Under the framework laid out in McDonnell Douglas Corp. v. Green, 411 U.S. 792, 93 S.Ct. 1817, 36 L.Ed.2d 668 (1973), Jones was required first to establish a prima facie case of retaliation by demonstrating that “(1) [she] engaged in protected activity, (2) [she] was subjected to adverse action by the employer and (3) there existed a causal link between the adverse action and the protected activity.” Thomas v. National Football League Players Ass'n, 131 F.3d 198, 202 (D.C.Cir.1997) (citing Mitchell v. Baldrige, 759 F.2d 80, 86 (D.C.Cir.1985)). Such a showing raises a “rebuttable presumption of unlawful discrimination” and shifts to the defendant the burden to “rebut the presumption by asserting a legitimate, non-discriminatory reason for its actions.” Id. (citing Texas Dep't of Community Affairs v. Burdine, 450 U.S. 248, 254, 101 S.Ct. 1089, 67 L.Ed.2d 207 (1981)). If the defendant meets this burden of production, “the presumption of discrimination dissolves” and the plaintiff assumes the burden “to persuade the trier of fact that the defendant's proffered reason was not the actual or sole basis for the disputed action.” Id.
On the 1987 promotion claim, WMATA does not dispute that Jones established a prima facie case, as the district court found, but does contend that Jones failed to rebut as pretextual WMATA's proffered legitimate reasons for not promoting Jones. We conclude the evidence supports the district court's finding of pretext. Of the three reasons Miller offered in his October 30, 1987 letter for not promoting Jones, the district court reasonably rejected as pretextual two: Jones's “marginal” test score, because it was higher than the score of another employee who was promoted, and the instance when she gave a cash refund to a customer, because the court found her action consistent both with the Metrorail Handbook and with a Department directive. 946 F.Supp. at 1028. In contrast, the court accepted Miller's third reason, that Jones had “transmit[ted] [her] personal views to [her] subordinates,” as “more plausible-but violative of Title VII” because it reflected retaliation for protected activity, namely, the 1985 letter to Bassily complaining of Department discrimination. Because the court's findings of pretext and of retaliation as to the promotion claim are supported by the evidence, they are not clearly erroneous.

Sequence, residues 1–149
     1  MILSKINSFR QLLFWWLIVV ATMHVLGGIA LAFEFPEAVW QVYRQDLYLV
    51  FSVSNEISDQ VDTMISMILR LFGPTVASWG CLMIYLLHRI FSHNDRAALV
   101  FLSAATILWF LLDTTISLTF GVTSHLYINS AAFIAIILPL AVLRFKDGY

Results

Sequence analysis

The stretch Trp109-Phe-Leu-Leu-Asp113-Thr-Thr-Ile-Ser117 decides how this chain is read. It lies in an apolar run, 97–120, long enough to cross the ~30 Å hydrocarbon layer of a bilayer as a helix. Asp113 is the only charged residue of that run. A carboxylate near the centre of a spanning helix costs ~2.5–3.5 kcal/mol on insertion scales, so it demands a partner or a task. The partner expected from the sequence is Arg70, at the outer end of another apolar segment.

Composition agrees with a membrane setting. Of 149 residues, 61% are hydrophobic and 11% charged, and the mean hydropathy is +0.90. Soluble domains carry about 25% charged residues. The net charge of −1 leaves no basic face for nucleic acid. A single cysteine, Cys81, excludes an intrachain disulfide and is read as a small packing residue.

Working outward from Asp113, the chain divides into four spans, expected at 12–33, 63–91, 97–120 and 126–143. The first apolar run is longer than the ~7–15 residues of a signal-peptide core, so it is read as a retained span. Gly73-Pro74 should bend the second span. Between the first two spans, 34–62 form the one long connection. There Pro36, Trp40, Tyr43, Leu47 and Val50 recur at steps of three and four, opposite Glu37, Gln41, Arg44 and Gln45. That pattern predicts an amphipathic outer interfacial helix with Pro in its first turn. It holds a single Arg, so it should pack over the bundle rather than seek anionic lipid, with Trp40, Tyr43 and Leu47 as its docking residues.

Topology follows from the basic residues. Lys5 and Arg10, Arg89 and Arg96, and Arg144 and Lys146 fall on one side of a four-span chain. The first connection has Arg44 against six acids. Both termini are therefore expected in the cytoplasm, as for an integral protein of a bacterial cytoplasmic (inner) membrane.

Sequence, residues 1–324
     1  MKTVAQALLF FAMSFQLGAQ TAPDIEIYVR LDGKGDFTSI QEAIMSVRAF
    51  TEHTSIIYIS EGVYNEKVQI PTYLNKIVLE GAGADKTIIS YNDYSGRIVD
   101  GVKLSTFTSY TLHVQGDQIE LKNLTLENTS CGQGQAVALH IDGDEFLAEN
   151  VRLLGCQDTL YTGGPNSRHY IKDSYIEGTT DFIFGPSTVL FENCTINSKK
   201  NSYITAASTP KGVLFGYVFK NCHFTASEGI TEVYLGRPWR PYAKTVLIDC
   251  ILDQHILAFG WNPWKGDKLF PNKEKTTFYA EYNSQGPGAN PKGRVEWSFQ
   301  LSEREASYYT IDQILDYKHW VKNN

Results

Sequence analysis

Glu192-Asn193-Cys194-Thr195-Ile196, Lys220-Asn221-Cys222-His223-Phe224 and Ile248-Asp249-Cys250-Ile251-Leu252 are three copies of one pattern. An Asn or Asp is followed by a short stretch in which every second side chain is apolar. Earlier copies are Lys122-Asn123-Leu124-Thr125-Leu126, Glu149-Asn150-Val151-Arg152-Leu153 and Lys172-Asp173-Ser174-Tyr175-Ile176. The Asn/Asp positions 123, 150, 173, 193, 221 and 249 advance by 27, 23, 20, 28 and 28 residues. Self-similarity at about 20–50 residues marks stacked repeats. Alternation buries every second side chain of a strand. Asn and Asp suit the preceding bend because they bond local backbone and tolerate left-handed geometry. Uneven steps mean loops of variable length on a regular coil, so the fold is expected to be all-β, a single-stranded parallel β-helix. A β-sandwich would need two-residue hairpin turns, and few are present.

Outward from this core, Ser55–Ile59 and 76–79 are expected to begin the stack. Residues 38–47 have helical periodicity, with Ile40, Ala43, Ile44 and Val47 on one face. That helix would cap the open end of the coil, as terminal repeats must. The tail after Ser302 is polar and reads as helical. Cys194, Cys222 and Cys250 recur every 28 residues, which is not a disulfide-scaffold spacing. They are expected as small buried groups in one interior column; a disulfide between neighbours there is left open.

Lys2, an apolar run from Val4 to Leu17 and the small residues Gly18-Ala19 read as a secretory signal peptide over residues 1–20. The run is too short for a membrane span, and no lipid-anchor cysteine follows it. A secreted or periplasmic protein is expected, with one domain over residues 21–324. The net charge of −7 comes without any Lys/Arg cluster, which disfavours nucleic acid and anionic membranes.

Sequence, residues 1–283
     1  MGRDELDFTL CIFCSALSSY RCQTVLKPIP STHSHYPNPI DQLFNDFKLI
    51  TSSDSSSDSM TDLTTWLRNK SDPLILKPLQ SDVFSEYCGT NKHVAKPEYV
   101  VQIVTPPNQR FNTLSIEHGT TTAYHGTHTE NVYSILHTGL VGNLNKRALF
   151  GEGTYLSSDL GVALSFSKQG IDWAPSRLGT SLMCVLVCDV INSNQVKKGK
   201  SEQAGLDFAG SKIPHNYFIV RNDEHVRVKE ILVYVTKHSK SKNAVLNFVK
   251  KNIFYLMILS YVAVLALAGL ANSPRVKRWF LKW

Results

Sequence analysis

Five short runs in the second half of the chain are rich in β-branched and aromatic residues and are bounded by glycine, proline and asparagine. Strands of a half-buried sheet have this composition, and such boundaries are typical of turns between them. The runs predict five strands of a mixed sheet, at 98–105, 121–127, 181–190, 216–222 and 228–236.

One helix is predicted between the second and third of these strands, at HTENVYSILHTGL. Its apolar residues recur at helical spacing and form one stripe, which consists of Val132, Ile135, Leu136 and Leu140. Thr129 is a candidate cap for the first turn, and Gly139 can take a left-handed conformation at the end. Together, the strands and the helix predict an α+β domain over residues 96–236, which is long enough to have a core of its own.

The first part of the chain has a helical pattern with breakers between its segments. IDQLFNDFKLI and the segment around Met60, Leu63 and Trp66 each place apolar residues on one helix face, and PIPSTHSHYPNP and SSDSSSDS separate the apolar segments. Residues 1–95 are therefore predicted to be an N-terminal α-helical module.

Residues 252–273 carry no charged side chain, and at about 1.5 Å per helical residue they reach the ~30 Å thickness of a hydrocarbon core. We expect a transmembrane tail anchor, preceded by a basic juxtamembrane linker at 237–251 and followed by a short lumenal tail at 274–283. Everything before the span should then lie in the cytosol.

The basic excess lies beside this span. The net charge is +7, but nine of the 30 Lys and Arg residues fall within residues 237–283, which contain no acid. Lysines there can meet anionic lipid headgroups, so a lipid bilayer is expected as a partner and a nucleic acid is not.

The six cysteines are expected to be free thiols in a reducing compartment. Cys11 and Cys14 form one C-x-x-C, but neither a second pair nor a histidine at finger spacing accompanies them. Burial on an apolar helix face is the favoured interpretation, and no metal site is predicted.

We also reject WMATA's contention that there is no record evidence that those responsible for firing Jones were aware she had hired new counsel in January 1991, thereby reinvigorating her dormant lawsuit and prompting a retaliatory discharge. See JA 138-39. In its opinion denying WMATA's post-trial motion for judgment as a matter of law, the district court noted the undisputed fact that Department members, including Bassily, knew that the lawsuit was pending and that WMATA's Office of General Counsel was aware she had retained new counsel who had successfully had the suit restored to the court's active docket. Jones v. WMATA, 946 F.Supp. 1011, 1022 (D.D.C.1996); see also JA 581-87. Further, Rhodes testified that Brown asked her about Jones's lawyers when he questioned her one week before the firing, JA 477, and Bassily testified that before recommending Jones's discharge Burton consulted with WMATA's Office of General Counsel, which “concurred” in the dismissal. JA 628. This evidence supports the court's finding that WMATA decision makers fired Jones with knowledge she had retained new counsel.
Finally, it was not clearly erroneous for the court to find pretextual WMATA's claim it fired Jones for “insubordination” in violation of Department procedure, namely for refusing orders to meet with Brown and Miller. As evidence of pretext, the court cited Jones's willingness to meet with Yorro, WMATA's own violation of its procedures in firing her without affording her an opportunity to explain her behavior and other instances of unlawful retaliation by Department management, both against Jones in connection with her 1987 and 1988 promotion denials and against other employees who had complained of discrimination, see 946 F.Supp. at 1026. This evidence suffices.
C. Prejudgment Interest